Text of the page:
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Yogesh Maitreya- The Bridge of Migration

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Five Poems from the book– The Bridge of Migration:

1. Childhood Friends

We all

Grew Up

Together

Learnt

One slang,

Ate

One soil,

Stole

The same fruit

From

The neighbourhood.

 

Today

They kneel down

Before hunger

And I,

I write poems.

 

Their desires are still simple,

Mine become much subtler.

2. Choice

I do not know

When I started

To write.

 

I wanted to let go

What I saw

That made me what I am today.

 

But

It was unbearable to put

Everything

Into a heart.

 

It was suffocating

To think about

My father who destroyed

His youth for us

Later victimised by liquor

And Bollywood’s poison

And,

The mother who showed

Remarkable patience

In removing

The quilt of night from my brain and

To introduce me

The little sunshine

Of life.

 

In this, where I was supposed to find

The origin of love?

For a poet,

It is too much to see

And, do not write.

 

Yet, someone must

Make a clear choice:

Whether to sustain the pain of death

While being conscious,

Or splitting the nerve at once

To kill the time to ease

The course of death.

 

Hence,

I made my choice and one day

I wrote first few letters on the white paper

With the pen dipped in the blood.

 

3. Defining love

Every time

When you left me,

You plucked me out

Like a flower

Of your choice

And took me away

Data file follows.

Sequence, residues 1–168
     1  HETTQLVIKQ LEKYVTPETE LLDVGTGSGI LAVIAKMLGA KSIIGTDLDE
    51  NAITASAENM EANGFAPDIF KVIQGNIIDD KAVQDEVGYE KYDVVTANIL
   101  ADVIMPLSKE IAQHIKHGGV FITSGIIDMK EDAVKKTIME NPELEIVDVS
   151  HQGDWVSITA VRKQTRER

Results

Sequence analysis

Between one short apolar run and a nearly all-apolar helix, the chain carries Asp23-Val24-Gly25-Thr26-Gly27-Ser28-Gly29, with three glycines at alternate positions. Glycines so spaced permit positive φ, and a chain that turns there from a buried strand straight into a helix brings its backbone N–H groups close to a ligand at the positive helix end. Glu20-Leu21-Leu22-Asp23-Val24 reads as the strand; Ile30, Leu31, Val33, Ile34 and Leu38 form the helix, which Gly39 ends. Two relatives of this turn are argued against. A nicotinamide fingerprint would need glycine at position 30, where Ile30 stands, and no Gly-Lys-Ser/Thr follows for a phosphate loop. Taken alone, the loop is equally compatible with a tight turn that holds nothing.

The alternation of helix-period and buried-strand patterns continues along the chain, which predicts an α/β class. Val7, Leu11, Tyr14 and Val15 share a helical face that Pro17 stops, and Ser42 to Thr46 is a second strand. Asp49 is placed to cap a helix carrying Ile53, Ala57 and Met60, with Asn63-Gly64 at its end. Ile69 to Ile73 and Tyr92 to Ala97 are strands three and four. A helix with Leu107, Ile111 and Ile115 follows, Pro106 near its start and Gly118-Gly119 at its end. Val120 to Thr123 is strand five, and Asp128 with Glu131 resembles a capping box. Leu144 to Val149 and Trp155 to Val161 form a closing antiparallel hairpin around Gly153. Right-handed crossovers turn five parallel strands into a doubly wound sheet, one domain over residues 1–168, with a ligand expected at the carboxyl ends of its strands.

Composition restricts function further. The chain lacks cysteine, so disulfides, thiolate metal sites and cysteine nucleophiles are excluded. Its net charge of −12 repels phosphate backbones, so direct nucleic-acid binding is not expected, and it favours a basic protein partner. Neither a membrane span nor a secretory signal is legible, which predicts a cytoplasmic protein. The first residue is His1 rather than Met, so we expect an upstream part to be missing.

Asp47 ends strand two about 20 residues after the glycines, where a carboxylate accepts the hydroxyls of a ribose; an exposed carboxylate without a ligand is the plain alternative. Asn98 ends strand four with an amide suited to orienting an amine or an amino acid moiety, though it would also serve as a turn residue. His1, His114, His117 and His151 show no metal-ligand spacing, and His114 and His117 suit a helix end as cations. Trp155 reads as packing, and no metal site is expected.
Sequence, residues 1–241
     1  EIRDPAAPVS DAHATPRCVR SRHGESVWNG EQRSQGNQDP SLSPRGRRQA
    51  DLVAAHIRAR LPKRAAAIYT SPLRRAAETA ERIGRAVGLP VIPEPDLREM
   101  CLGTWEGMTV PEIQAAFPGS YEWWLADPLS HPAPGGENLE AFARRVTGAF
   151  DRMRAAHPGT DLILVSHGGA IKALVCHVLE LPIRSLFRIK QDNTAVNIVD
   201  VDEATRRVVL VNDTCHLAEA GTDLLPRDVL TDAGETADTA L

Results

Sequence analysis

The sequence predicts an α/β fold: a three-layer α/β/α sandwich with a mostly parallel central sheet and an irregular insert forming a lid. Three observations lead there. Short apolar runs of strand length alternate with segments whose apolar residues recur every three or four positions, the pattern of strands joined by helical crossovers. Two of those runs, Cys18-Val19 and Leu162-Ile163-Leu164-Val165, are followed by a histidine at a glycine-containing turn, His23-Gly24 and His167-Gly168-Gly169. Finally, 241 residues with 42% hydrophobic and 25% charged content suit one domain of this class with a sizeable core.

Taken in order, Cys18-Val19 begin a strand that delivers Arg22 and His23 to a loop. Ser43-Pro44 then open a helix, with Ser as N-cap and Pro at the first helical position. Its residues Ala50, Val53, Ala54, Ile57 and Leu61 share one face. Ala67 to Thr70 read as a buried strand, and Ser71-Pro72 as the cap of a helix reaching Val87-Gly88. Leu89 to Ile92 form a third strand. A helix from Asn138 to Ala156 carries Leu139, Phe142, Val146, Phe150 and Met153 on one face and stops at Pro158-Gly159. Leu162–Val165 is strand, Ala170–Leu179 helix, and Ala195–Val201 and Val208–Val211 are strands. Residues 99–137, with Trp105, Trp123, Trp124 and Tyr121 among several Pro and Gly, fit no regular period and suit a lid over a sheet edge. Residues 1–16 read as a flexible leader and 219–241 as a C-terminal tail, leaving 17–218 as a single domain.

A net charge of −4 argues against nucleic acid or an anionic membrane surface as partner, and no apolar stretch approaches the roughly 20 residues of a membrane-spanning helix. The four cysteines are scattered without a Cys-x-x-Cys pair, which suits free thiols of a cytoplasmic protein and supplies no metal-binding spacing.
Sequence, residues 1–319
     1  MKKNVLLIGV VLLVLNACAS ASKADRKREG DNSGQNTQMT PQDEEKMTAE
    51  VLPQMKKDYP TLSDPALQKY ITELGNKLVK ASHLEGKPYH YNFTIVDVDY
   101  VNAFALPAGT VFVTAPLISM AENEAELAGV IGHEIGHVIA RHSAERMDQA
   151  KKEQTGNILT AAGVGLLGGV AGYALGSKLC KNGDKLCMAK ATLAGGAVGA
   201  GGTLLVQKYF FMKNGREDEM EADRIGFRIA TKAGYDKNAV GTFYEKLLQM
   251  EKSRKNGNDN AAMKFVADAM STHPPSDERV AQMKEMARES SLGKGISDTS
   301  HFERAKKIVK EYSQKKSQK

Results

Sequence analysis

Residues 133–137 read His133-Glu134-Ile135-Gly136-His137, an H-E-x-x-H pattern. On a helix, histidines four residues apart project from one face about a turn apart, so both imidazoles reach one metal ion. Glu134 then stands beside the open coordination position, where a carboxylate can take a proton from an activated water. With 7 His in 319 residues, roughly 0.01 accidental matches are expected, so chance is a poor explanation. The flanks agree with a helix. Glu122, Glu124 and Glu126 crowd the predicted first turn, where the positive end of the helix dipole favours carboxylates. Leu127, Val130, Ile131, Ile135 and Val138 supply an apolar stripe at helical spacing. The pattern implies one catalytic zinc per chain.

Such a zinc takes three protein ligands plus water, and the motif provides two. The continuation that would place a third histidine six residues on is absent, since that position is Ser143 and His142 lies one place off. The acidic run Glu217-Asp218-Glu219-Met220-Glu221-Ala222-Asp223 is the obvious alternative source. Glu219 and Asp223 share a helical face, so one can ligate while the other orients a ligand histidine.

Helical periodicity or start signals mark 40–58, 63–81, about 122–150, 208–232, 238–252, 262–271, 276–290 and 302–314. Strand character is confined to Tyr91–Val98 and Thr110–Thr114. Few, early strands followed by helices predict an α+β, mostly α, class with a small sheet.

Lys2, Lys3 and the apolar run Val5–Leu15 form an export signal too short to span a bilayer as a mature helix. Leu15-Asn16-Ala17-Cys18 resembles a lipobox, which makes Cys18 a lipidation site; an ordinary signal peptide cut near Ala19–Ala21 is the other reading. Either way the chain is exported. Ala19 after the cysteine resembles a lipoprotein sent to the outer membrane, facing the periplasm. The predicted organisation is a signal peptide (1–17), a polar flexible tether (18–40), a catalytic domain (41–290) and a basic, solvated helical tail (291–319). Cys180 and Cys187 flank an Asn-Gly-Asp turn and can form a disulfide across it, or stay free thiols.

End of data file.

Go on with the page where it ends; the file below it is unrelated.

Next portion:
With you.

 

But whenever

You were with me

I ate you

Presuming as fresh bread

Prepared by my mother

That only nurtured me

In every odds of life.

 

4. Sisters

(Mayuri, Sonali, Aakansha)

During these amorphous years

Of our lives

Much has remained untouched.

 

The centre of poet’s life was missing.

 

I tried to paint our dejected world

Through imagination and words.

 

But I forgot that

When I wanted to read

You were washing utensils and then

Opened the book to study and

Learnt lessons directly from the life.

 

I have forgotten

That I read in leisure

But you read only after toiling

For the men in our family.

 

I have forgotten that

The most beautiful thing

In poet’s life aren’t words

Or imagination but the people,

Who toil for him.

 

I have forgotten that

They are the centre of his poetry.

5. Learning to speak

Unlike them

My tongue wasn’t chiselled by school

And trained to speak

In their usual ways.

 

I learnt the lessons

Written on the famished pages of night

Into my father’s tumultuous eyes

And when found the source

Of my being rejected as a mind

 

In this society,

I wrote poetry, and I abuse those assholes.

 

Yogesh Maitreya is a student of Tata Institute of Social Sciences, Mumbai and publisher at Panther’s Paw Publication.

To read more of his poems, you can buy the Book from Amazon.

 

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